The late enrollment penalty is an amount that’s added to your Part D premium. You may owe a late enrollment penalty if, at any time after your Initial Enrollment Period is over, there’s a period of 63 or more days in a row when you don’t have Part D or other creditable prescription drug coverage. You’ll generally have to pay the penalty for as long as you have Part D coverage.

  • Note: If you get Extra Help, you don’t pay a late enrollment penalty.

3 ways to avoid paying a penalty:

  1. Join a Medicare drug plan when you’re first eligible. Even if you don’t take many prescriptions now, you should consider joining a Medicare drug plan to avoid a penalty. You may be able to find a plan that meets your needs with little to no monthly premiums.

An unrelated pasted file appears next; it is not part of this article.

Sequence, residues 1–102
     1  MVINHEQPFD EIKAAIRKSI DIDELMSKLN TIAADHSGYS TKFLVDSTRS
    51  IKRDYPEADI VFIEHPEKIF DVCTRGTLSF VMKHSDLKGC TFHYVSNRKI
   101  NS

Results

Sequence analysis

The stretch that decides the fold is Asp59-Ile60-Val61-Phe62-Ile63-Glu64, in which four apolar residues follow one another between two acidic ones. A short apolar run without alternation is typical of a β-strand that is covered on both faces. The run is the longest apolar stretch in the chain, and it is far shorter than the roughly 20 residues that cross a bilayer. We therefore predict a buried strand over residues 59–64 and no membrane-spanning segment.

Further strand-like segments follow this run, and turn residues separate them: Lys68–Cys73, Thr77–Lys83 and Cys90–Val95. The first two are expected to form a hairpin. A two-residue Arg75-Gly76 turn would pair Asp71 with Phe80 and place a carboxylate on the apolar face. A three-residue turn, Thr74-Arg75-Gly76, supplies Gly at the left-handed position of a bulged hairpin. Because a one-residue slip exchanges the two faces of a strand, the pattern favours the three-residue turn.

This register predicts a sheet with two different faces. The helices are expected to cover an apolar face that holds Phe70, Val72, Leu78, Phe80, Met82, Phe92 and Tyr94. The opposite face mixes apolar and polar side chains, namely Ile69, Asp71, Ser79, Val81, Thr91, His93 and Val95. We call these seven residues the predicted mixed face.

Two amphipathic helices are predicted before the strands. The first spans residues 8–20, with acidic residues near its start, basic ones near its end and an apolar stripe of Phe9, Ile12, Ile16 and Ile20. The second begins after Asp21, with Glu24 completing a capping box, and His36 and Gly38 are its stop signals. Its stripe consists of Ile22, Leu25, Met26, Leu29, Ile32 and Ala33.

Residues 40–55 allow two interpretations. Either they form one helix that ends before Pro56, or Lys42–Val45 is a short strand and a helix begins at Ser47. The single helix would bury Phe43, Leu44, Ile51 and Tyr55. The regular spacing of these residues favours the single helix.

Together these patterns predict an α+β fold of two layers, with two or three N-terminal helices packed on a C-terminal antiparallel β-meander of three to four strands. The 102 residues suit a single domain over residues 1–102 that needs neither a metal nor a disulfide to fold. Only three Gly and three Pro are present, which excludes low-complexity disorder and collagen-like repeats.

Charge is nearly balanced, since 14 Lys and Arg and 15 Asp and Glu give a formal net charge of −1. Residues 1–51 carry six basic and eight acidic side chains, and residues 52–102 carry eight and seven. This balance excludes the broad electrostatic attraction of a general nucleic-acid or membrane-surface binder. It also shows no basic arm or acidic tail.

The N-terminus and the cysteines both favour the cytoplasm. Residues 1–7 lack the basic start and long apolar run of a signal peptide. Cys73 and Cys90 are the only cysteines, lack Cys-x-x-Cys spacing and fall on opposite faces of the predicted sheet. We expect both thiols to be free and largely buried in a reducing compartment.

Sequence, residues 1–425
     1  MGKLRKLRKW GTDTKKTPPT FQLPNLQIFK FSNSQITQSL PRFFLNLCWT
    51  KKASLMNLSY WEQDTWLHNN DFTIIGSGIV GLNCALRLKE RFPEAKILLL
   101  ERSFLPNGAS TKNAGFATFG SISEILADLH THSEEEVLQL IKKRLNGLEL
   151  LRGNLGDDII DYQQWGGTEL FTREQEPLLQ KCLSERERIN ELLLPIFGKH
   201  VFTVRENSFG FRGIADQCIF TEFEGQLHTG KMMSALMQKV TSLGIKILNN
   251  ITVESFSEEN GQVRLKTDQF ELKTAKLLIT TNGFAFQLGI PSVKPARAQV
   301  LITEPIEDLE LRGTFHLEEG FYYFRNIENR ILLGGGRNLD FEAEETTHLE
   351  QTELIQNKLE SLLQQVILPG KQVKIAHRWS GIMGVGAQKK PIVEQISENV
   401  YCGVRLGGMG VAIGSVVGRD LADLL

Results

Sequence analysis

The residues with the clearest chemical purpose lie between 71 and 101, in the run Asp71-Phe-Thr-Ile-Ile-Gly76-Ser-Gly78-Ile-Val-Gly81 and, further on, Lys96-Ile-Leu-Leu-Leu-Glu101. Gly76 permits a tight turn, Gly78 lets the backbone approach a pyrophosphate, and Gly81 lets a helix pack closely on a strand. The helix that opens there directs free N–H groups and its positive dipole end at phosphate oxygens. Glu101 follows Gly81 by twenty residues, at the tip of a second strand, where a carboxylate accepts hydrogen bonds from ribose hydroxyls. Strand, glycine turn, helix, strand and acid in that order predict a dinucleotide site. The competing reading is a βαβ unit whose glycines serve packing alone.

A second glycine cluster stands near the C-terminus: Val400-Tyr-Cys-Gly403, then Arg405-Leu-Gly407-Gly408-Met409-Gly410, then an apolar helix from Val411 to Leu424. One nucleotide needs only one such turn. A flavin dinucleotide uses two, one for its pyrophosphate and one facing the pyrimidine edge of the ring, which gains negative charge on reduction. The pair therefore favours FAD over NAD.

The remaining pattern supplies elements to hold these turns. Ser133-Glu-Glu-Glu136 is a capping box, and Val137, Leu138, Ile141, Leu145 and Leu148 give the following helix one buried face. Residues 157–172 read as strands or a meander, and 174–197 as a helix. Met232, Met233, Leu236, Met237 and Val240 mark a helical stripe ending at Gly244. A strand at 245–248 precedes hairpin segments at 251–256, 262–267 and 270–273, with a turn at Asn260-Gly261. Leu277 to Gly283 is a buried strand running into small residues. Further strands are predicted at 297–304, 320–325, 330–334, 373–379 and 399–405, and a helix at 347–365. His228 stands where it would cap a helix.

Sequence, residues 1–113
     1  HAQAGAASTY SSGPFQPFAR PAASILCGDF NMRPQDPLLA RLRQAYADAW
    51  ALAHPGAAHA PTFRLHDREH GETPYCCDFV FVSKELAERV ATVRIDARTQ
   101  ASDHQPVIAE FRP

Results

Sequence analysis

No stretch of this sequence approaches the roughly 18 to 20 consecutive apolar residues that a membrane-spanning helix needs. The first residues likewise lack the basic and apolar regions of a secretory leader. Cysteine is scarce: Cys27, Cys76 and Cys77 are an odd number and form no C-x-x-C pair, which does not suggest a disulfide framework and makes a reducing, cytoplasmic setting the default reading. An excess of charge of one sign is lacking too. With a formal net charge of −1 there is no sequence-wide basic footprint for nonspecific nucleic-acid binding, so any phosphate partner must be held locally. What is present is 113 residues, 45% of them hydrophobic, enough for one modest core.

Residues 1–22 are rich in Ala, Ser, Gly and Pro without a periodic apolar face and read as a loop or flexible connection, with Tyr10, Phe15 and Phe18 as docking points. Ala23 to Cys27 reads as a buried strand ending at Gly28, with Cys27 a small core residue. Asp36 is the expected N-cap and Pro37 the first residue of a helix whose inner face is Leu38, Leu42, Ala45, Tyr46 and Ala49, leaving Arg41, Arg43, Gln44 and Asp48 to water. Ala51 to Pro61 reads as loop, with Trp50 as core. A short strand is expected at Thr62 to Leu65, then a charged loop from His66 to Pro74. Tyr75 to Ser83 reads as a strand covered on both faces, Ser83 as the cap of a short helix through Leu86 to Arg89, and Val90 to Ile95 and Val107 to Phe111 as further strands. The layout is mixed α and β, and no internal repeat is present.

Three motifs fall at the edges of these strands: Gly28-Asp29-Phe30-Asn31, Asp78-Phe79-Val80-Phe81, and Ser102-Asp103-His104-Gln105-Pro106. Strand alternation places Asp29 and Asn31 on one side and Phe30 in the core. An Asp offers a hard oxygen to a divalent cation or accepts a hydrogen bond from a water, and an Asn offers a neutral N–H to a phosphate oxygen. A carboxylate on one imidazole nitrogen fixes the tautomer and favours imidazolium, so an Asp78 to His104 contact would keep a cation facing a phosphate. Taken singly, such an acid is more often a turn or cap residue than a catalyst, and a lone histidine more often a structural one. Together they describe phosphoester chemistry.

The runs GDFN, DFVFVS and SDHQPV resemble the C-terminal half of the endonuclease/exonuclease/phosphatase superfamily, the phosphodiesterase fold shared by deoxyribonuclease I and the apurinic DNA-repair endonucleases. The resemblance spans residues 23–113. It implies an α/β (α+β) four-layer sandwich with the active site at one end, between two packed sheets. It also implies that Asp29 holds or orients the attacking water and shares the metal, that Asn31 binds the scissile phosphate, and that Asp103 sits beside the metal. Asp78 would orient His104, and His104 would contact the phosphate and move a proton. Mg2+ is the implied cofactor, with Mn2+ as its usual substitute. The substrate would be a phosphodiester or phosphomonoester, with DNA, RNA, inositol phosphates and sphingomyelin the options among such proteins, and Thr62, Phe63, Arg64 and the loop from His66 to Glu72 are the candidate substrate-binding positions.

2. Don’t go 63 days or more in a row without a Medicare drug plan or other creditable coverage. Creditable prescription drug coverage could include drug coverage from a current or former employer or union, TRICARE, Indian Health Service, the Department of Veterans Affairs, or health coverage. Your plan must tell you each year if your drug coverage is creditable coverage.
  3. Tell your Copeland agent about any drug coverage you had if they ask about it. If you don’t tell the agent about your creditable prescription drug coverage, you may have to pay a penalty for as long as you have Part D coverage.

How much more will I pay?